To best understand Oregon’s federal forestlands and the issues that surround them, one should have a sense of its two primary forest regions. To generalize, they are often referred to as westside and eastside, or alternatively, wet side and dry side.

There are dozens of forest types in Oregon. Gross simplifications like that above do not lead to understanding; they lead to gross ignorance.

Misunderstanding is OFRI’s other middle name.

Junk science is rife in the report. It evinces a fundamental ignorance of forest history:

On the wet side with all its moisture, relatively little lightning and more moderate temperatures, fire is an irregular visitor, sometimes occurring as infrequently as every few hundred years. … The dry side historically has had a markedly different fire regime. Hotter and drier, with frequent lightning strikes, it experienced recurrent fires, sometimes as often as every three to five years.

Nope. Wrong-ola.

All Oregon forests (and prairies, and savannas, have been subject to anthropogenic fire for 10,00 years or so. As amazing as it may seem to the forest science challenged folks at OFRI, the fact is that human beings set fires every year on “wet side” and the “dry side” for millennia upon millennia.

All that human-set fire had enormous effect. Anthropogenic fire eliminated forests entirely in some regions, including Coast Range valleys. Anthropogenic fire established and maintained prairies, savannas, and open, park-like forests across the entire state. Anthropogenic fire created anthropogenic mosaics that are still evident today.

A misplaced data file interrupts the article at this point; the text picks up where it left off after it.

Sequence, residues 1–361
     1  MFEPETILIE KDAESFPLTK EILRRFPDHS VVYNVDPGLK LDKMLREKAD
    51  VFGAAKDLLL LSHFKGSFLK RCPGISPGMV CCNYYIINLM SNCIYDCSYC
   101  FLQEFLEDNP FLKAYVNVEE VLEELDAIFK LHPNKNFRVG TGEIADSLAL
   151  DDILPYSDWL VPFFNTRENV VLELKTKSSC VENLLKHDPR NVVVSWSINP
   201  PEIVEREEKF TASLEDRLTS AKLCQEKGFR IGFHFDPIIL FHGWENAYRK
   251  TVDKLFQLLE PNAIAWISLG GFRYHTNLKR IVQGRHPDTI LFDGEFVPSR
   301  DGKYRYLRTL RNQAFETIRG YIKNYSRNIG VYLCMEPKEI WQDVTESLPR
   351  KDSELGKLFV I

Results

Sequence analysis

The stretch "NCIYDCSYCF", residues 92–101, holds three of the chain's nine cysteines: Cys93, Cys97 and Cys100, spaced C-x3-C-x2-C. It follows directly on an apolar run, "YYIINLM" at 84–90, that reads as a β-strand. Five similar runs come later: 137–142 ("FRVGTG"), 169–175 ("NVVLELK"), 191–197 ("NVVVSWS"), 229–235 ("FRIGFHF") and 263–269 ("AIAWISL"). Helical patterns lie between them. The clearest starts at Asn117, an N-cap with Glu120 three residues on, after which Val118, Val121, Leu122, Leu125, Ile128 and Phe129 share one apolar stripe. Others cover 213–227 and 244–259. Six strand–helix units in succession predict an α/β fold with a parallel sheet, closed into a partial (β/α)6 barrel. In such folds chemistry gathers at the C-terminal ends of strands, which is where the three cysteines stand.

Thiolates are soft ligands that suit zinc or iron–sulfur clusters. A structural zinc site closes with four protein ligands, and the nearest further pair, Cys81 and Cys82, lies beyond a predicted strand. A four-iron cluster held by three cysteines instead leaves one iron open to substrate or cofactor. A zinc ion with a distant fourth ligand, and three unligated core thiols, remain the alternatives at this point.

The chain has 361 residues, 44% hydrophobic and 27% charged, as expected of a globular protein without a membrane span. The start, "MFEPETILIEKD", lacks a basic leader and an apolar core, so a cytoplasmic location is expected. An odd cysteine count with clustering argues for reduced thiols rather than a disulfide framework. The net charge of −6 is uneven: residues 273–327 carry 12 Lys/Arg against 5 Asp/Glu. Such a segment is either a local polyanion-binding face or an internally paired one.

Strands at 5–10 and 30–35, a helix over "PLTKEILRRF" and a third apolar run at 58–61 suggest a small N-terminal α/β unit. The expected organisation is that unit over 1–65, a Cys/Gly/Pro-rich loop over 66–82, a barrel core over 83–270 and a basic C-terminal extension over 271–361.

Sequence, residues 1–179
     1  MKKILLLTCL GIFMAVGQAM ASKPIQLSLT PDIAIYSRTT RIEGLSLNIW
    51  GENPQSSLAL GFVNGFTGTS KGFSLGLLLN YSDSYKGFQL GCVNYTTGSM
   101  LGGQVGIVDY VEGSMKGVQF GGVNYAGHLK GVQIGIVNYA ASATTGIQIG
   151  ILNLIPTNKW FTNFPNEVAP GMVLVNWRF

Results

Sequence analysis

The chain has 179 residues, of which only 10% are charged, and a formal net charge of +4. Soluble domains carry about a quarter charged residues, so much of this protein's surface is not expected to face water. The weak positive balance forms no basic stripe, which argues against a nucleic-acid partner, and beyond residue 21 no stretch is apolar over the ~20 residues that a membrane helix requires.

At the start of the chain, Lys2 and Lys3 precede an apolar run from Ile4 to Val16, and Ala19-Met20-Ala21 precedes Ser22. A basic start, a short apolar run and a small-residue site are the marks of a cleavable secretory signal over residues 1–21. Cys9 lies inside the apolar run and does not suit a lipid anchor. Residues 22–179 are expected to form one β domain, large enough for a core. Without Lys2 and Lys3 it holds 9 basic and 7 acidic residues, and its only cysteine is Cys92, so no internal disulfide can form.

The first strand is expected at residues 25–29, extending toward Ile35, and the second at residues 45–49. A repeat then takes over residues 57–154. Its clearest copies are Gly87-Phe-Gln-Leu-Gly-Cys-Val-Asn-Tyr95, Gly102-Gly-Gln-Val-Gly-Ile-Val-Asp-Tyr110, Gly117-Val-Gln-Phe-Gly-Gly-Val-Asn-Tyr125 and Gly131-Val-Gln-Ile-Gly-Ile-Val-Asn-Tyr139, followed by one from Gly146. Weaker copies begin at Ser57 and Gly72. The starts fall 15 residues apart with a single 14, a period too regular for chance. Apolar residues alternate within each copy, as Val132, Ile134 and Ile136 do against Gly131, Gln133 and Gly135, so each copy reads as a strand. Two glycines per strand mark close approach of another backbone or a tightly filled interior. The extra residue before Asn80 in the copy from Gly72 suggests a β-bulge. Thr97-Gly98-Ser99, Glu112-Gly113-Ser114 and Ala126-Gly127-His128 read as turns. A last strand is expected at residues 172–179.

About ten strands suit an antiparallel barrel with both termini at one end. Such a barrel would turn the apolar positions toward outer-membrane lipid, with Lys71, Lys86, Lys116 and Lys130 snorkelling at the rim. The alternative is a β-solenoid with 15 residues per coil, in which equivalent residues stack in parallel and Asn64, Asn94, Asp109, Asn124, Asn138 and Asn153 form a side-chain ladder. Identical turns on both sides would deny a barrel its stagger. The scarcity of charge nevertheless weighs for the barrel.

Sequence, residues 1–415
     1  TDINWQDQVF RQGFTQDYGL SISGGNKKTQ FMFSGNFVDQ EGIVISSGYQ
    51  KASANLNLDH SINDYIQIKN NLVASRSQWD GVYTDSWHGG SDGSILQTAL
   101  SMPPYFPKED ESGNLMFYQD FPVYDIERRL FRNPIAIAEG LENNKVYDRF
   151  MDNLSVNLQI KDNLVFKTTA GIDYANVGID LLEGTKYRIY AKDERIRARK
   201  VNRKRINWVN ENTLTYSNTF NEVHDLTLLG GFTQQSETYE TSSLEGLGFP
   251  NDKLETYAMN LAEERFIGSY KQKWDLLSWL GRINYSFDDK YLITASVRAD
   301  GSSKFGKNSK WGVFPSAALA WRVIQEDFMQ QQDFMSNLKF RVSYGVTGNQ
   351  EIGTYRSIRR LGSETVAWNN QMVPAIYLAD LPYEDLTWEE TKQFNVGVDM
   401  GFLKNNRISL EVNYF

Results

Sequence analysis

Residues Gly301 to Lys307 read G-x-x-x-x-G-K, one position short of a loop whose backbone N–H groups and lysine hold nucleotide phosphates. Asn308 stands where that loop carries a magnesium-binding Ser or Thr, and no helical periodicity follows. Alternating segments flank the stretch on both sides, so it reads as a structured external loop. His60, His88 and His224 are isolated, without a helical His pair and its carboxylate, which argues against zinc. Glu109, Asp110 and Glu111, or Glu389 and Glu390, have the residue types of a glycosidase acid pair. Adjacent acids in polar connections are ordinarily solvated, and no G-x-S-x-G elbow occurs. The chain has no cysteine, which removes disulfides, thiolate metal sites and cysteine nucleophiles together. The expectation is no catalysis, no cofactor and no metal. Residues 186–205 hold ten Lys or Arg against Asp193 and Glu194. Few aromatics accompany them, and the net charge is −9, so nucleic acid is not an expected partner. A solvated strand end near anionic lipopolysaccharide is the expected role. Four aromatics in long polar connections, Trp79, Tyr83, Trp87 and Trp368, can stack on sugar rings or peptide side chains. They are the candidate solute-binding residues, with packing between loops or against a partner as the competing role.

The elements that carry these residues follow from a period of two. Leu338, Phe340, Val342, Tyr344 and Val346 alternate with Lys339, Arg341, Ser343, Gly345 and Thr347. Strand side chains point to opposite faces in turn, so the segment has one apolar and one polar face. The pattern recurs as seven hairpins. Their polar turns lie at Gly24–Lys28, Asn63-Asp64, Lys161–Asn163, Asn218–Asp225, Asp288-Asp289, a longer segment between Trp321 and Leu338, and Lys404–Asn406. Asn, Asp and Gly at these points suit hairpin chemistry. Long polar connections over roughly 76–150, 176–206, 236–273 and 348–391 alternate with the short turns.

Without human influences, there would be little or no old-growth in Oregon today. The open, park-like conditions created by anthropogenic fire allowed individual trees to grow to great ages. Absent those conditions, fires kill all the trees, and none grow old.

OFRI’s “science” is fundamentally racist.

They deny human influences, and indeed deny a human presence (actually those are the same things). Throughout history, wherever people have been presence, and especially where people have resided, humanity has burned the landscape with frequent, seasonal, deliberate fires using tradition ecological knowledge regarding time and place of ignition.

It is as if OFRI discovered the Pyramids and then claimed that nature built them.

OFRI is also economics challenged:

The current interagency policy of fire suppression also comes at an enormous financial cost. Throughout the past two decades wildfires have increased in size, severity and destructiveness, and so have budgets to fight them.

In fact, the damages wrought by wildfires exceed suppression costs by 10 to 50 times. It’s the DAMAGES, stupid, not the suppression costs, that have crippled Oregon’s economy.

From Zybach, Bob, Michael Dubrasich, Gregory Brenner, and John Marker. 2009. U.S. Wildfire Cost-Plus-Loss Economics Project: The “One-Pager” Checklist. Wildland Fire Lessons Learned Center, Advances in Fire Practices, Fall 2009 [here].